Here's how to put aside the sad news of spotlighted break-ups and focus on staying with your own leading man for 50 years (or more).
Stay Alive: This may sound like a smart-aleck answer, but it is true. Take a good look at yourself and realize that you're not that strapping 20-something anymore and you have to take care of your health in order to make it to 50 years of marriage.
To make it to the 50th wedding anniversary, first of all, the couple has to stay alive. Make the choice and decision to be healthy for you, your partner and your family.
Take Time to Talk: Life is busy for everyone at every stage of life, but it is vital to your marriage to take a time out each day and reconnect with your spouse.
With all the interruptions couples have between jobs, kids and smart phones, it's very easy to lose touch with each other over the years, only to find out five or ten years down the line that you have very little in common anymore.
If you can't find a solid half-hour, break into 15-minute sessions. In-depth talks that will involve tears aren't necessary -- just some simple conversation. Talk about your day, make plans for the weekend or even talk about current events- all to build and maintain a strong bond.
Check-Ups: Everything we own needs maintenance: our cars, our teeth, even our technology need to be charged and updated. So why wouldn't we do the same for a marriage? Couples should not to be afraid of attending counseling, a workshop or a fun couples retreat.
Check ups can provide you with a third-party perspective on issues you 'talk' about well into the wee hours of the morning.
These exercises will help you learn what's normal for relationships, teach you new things about how to be a stronger couple or just learn how to have more fun together. Most of all, participating in a check-up can also reassure you that you're not alone. Everyone has problems…even that perfect couple you compare yourself to.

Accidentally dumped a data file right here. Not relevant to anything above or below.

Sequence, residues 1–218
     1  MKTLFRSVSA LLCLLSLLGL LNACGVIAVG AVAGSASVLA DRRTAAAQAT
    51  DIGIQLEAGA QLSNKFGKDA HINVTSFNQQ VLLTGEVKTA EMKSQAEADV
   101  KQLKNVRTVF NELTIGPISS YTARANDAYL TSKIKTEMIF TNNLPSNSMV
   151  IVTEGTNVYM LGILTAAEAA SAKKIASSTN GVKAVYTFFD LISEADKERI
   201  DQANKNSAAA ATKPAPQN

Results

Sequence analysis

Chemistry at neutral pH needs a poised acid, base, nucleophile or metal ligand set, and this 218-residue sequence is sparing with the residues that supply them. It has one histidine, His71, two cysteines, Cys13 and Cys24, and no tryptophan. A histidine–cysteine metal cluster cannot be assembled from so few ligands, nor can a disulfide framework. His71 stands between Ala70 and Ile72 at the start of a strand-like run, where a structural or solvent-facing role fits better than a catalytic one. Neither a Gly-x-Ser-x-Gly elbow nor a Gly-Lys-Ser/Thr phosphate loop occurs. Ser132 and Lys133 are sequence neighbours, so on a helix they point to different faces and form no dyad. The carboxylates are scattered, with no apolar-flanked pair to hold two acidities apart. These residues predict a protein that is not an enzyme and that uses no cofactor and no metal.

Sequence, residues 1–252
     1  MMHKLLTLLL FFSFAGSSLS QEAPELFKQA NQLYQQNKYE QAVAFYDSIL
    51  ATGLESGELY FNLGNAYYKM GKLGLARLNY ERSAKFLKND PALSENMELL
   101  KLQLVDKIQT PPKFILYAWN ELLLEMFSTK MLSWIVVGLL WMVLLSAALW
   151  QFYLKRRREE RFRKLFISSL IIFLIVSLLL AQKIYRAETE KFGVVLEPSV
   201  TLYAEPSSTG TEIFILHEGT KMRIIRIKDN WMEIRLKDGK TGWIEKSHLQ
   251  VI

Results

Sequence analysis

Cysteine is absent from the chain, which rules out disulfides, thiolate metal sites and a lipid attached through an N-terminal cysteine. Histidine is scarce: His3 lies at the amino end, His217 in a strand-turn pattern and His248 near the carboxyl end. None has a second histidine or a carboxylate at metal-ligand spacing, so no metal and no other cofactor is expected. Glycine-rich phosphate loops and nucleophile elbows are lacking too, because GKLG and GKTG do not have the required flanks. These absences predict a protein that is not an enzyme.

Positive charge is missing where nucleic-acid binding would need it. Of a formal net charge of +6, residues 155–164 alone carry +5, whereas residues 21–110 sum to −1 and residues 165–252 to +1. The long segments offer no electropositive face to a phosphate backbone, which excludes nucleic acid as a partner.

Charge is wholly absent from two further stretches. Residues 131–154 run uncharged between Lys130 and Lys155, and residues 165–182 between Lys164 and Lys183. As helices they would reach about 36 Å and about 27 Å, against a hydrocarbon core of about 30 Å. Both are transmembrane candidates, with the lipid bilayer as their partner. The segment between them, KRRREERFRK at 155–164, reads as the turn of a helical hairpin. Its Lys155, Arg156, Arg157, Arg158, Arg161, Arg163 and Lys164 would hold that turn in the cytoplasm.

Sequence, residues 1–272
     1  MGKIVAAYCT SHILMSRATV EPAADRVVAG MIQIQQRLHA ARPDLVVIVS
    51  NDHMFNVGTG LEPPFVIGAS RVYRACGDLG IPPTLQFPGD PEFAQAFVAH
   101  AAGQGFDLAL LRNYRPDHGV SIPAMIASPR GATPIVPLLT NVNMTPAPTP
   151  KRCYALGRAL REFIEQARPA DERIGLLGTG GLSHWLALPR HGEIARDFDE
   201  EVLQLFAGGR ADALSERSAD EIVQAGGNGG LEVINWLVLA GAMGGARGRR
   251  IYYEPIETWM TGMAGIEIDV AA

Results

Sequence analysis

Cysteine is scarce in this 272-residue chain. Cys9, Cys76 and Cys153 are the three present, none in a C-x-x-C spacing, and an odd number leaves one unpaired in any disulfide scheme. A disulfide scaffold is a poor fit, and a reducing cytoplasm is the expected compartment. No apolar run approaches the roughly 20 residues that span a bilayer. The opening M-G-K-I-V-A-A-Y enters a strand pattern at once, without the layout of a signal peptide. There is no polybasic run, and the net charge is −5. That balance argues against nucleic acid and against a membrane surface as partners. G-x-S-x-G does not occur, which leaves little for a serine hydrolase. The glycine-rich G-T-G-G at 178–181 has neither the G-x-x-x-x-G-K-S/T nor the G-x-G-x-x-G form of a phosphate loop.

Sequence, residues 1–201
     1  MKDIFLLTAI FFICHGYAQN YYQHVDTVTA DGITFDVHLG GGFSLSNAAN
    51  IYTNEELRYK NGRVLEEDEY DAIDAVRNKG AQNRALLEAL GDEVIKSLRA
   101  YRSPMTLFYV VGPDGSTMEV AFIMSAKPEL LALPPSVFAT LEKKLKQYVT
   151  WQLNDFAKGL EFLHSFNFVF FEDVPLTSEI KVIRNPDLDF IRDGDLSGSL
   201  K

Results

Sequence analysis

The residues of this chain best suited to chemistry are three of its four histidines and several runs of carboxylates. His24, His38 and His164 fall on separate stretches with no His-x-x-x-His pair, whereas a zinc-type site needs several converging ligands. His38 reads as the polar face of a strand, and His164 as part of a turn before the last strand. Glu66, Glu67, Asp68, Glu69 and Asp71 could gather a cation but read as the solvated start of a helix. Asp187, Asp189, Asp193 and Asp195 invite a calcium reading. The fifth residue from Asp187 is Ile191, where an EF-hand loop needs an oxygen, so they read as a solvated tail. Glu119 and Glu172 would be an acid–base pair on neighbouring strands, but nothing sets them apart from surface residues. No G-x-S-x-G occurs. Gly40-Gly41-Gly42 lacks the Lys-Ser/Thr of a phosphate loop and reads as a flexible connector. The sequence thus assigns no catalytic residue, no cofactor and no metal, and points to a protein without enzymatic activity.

Know When to Speak and Know When to be Silent: The key to a marriage is being adept at responding with words and with silence. You don't have to respond to everything you see in your marriage. Stop picking the little things. So what if he didn't cover the toothpaste? It's not worth it. Know when to speak and when to be silent."
Change you. Don't waste your time trying to change your spouse. It's an exercise in futility. Work on the person in the mirror and that will bring the changes you want to see in your marriage.
Fight! We've heard it before, so why hasn't it stuck yet? Happy couples need to air -- and resolve -- their grievances.
Couples who don't fight at all are actually more likely to divorce that couples who do fight, but do it productively.
Happy couples have figured out how to hash out their problems in a manner that is respectful and gets problems solved. To do this, you need to know the "rules of fight club."
They include starting conversations with a soft-start; don't go into a discussion with swords already drawn. It's also wise to know when to take a break if you get emotionally overloaded. A half-hour can make a huge difference when things get heated, so step away and return when you've taken a breath. And lastly, don't be too extreme on either end when an argument starts. Couples enter gridlock when one or both people either refuse to talk or want to fight about everything at that moment.
Finally, one of the best pieces of advice came from Jack Quinn, married 52 years, who simply says, "Don't sweat the small stuff and don't do anything that you would be ashamed to tell your children or your wife."